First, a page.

Easy Feedback for Distributed Software Design
February 28, 2012
For a time, my job involved improving the user experience of a Windows desktop application that had been in development without qualified design input for two years. Given that a beta release was imminent, I decided to give the application the papercut treatment, cleaning up visual assets, hiring visual designers to freshen the identity, reverting disgustingly-skinned controls to their default appearance, correcting typos, removing technical jargon, etc.
Initially, each refinement took an inordinate about of time; it took a good week from the time I specified the simplest change to when the change was running on my laptop for review. I evaluated our development workflow and found that we scored a low 3 on the Joel Test. Rather than recount all of the depressing details, I’ll present a few choice morsels of schadenfreude:
There was no preexisting peer review process, meaning that basic tools and cultural norms required for agile design were missing.
Source was kept in a 3GB perforce repo containing years of deprecated projects, build artifacts, and the skeleton of a programmer everyone thought had left for grad school in 2006.
The build process required two versions of Visual Studio, and it wasn’t until months after I had joined that I could reliably build the product on my laptop.
‘Automated’ builds were run by a 2,000 line script that nobody understood, and took 45 minutes to run on a beefy server. This same script also served as a dumping ground for random maintenance code, half of which was commented out. It was like one of those medical oddity museums but with really bad Perl instead of pickled heads.
Fast, easy feedback from anyone.
I wanted to iterate much faster than one cycle per week. My personal goal was to provide design feedback within ten minutes of code change (bear in mind that we’re a distributed team). My broader objective was for non-technical collaborators to be able to test the product as it was being developed. This may be the norm for web products, but desktop software is not often seen as amenable to real-time feedback, especially from remote, non-technical team members such as visual designers.
First of all, we migrated from Perforce to Git, abandoning our 3GB-per-branch code graveyard for a shiny, new 100MB repo with cheap branches. This meant that developers could commit, share, and collaborate on features without merging unfinished work into the product.
Next, I made product development visible to all members of the company by hosting our code on GitHub and signing up for HipChat. GitHub integrates with HipChat, so new branches, merge requests, comments, issues, etc. are announced, with links, right under our noses. Previously, few members of our organization knew how to install the Perforce client, tunnel into our VPN, and review changes to the product; now, anyone logged into our company chat can monitor development as it happens. For example, every morning, I open HipChat and see everything my overseas colleague worked on while I was asleep:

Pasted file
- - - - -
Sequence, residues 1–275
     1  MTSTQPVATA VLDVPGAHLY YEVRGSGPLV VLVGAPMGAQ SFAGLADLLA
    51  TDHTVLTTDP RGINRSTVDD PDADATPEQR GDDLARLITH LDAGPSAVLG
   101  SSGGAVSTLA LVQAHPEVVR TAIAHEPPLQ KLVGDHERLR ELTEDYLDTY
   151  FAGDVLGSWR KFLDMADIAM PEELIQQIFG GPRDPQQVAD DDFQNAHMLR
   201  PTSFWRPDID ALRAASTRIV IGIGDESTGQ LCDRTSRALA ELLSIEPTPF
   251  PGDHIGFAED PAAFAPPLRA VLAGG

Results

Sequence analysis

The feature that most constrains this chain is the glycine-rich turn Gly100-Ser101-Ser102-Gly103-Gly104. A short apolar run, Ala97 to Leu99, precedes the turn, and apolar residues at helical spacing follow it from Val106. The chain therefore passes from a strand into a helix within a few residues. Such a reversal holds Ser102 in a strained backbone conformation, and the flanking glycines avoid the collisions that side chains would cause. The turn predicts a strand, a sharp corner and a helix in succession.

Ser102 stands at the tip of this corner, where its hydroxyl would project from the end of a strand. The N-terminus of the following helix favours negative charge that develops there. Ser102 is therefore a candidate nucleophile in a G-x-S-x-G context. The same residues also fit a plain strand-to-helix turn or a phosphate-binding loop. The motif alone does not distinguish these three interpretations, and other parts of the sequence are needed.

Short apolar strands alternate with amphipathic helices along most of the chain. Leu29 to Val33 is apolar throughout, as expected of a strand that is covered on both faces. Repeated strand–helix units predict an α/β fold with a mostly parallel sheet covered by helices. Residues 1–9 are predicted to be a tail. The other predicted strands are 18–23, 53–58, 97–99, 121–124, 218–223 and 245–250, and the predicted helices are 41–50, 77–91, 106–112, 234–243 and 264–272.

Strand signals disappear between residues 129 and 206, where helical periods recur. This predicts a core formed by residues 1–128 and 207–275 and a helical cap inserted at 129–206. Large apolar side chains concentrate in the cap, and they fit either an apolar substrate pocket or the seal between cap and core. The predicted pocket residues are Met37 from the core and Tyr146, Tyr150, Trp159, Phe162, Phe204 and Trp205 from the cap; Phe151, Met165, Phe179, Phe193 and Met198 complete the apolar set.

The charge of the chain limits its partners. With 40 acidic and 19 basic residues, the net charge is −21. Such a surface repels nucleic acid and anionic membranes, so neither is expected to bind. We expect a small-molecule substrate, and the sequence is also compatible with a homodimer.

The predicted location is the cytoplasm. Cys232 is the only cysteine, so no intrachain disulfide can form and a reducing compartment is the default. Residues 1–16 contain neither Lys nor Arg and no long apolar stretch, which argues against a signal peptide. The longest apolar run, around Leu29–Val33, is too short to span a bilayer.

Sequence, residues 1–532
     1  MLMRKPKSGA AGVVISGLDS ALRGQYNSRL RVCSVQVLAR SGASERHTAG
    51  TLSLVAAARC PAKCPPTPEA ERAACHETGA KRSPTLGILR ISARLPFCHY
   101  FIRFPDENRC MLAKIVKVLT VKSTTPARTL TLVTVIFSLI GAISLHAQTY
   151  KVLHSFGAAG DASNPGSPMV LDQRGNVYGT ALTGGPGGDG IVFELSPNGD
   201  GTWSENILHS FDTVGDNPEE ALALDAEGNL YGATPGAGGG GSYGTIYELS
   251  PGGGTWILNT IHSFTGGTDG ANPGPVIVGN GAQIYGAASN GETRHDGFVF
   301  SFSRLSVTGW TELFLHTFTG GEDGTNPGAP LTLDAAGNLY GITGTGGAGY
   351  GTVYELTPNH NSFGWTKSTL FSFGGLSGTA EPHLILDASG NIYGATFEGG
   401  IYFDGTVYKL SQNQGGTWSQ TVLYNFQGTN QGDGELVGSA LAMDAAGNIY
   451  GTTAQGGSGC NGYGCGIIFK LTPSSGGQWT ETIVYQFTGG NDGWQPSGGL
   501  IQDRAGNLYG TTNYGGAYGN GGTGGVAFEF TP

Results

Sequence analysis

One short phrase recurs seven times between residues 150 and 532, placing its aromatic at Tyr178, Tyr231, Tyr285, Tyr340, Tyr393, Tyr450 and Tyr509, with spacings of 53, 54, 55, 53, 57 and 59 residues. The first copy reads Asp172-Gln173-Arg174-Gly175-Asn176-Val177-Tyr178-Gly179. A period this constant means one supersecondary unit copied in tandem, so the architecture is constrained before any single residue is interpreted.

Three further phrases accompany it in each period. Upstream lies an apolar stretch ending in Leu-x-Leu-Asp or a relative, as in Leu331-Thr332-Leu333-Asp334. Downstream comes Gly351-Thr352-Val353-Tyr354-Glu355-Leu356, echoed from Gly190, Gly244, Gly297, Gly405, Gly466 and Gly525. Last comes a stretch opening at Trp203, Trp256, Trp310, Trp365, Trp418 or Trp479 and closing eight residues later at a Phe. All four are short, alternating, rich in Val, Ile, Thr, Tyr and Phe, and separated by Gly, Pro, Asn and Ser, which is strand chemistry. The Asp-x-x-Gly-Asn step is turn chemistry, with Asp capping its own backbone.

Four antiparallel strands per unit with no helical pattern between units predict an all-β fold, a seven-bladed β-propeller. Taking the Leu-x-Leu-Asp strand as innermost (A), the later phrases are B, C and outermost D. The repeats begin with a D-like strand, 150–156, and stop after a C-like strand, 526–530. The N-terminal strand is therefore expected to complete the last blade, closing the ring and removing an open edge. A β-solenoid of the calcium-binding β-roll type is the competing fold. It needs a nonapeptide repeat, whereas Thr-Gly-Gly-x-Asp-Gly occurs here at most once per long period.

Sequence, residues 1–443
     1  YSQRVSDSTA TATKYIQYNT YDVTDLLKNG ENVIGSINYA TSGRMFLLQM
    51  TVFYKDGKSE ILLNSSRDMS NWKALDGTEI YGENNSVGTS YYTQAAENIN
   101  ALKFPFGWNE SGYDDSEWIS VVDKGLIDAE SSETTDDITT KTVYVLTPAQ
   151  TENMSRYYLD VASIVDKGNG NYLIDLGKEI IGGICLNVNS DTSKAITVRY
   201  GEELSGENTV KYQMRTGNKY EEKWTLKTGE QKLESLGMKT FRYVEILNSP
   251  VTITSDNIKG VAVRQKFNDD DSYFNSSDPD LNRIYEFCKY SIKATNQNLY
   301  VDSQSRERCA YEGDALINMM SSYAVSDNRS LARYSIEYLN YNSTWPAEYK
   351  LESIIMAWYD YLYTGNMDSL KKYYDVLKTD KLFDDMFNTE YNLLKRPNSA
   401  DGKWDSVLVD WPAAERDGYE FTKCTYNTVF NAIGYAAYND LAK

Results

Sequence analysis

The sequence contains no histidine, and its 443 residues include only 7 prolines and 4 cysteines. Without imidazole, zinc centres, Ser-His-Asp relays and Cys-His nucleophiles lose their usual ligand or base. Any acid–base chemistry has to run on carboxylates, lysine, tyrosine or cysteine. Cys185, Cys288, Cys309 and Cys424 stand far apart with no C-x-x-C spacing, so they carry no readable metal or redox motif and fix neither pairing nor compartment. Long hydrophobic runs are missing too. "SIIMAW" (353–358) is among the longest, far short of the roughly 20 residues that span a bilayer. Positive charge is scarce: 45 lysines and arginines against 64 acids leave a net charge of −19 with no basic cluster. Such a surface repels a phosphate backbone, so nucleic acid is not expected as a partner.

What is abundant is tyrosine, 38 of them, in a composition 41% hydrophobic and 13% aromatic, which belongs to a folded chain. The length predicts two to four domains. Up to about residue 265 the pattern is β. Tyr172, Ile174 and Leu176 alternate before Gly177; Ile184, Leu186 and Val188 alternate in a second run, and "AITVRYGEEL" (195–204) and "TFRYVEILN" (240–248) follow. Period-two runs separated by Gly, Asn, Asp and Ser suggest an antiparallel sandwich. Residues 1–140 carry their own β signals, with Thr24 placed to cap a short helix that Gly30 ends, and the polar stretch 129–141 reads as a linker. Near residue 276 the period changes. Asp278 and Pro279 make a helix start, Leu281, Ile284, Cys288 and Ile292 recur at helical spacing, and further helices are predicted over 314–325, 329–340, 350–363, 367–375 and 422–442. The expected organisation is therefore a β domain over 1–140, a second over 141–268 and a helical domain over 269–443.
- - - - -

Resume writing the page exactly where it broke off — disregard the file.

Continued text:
Once we had a branch-based workflow with high visibility of work-in-progress, it was time to focus on automating builds for review.
I used Rake and the excellent albacore library for building .NET projects, superseding the 2,000-line ancient Perl script with a 67-line Rakefile written in a declarative DSL. At this point, as long as you had two versions of Visual Studio, Git, and Ruby installed; and you had Bash knowledge and you’d configured your public key properly on GitHub, you could test work in progress like this:
$ git fetch && git checkout some-feature && rake build run
Setting up this build environment was still a manual, error-prone process, and using it required too much technical knowledge. To make it simpler, I created a preconfigured virtual machine with everything required to obtain and build the product. Using VirtualBox, anyone in the company could build the product in a few steps:
- Install VirtualBox.
- Download and run the virtual build machine.
- Double-click the ‘Build’ script on the desktop.
After this, building the product required only a few clicks, and it could be done by non-technical collaborators on any platform. One of the designers we work with uses OS X, and now he can easily review his work in vivo. There are still a few drawbacks, however:
- Downloading a 10GB virtual machine isn’t fun, not even once.
- The product should build no more than once per commit, not once per commit per reviewer.
- The review process was still pull-based, in that the reviewer had to manually pull and build new changes before a review.
Now, every open pull request has a link to a build of its latest commit. Builds happen incrementally, meaning that pull requests are updated within a couple minutes of a push. This is finally starting to feel slick!
The final piece I automated was obtaining builds for review. Although links on pull requests worked fairly well, I wanted to be able to open new builds immediately after being notified of changes in chat, without navigating a pull request or downloading anything manually. I configured Jenkins to copy successful builds into our company’s shared Dropbox folder, so everyone has the latest successful build on each branch automatically synced to their desktop.
Now if I see a pull request, or even just a new commit announced in chat, I can simply double-click the build and take a look; anyone in the company who reports an issue can verify its fix; and even non-technical remote collaborators who don’t use Windows can run the product and participate in tight feedback loops.
If you’re building a product on a distributed team, with or without non-technical collaborators, I strongly recommend adopting some of these automations!